British rose breeder David Austin introduces six new English roses for 2013.
Courtesy of David Austin Roses
When I’m giving a lecture on roses, I often begin by telling the audience my presentation could be hazardous to their health.
You see, I know better than most that once "rose fever" sets in, there is no cure. No matter how many roses one has, there will always be a more appealing one coming up in next year's gardening catalogs.
Which means rose fever can also be hazardous to the pocketbook.
As a result of a hybridizing program initiated in the 1950s, he captured the appealing features of Old Garden Roses (roses introduced prior to 1867) such as cupped or rosette-shaped flowers and strong fragrance in bushes that have the repeat bloom and vigor of modern roses.
So before the new catalogs arrive, I am giving my pocketbook fair warning – I’ve had a sneak peek at the new US introductions, and they all look like keepers.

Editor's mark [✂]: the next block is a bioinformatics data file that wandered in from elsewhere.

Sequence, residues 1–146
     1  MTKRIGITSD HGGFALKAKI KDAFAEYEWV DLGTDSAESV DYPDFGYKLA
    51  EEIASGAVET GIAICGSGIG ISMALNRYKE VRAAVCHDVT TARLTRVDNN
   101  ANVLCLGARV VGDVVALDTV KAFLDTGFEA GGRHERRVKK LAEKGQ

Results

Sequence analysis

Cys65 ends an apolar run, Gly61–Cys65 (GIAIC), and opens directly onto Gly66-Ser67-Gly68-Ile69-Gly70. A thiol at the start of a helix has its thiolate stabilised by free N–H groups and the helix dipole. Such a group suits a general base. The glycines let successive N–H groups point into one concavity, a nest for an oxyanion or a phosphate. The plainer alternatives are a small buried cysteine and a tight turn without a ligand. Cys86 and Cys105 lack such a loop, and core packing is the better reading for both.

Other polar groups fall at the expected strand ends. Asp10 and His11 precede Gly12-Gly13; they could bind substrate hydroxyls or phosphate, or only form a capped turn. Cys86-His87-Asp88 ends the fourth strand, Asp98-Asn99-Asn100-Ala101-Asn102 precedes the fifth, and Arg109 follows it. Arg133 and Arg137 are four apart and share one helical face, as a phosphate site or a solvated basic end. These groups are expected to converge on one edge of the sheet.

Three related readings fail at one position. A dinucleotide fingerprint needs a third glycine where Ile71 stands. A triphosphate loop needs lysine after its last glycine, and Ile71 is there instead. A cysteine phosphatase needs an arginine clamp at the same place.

When I visited the David Austin nursery in Britain few years ago, I was able to take a tour of the entire operation. It was fascinating to see greenhouse after greenhouse filled with seedlings and cuttings in various stages of development.
Every year, 150,000 pollen crosses are made by hand, which will produce around 400,000 seeds. These seeds are planted after being chilled in a cooler for three months.
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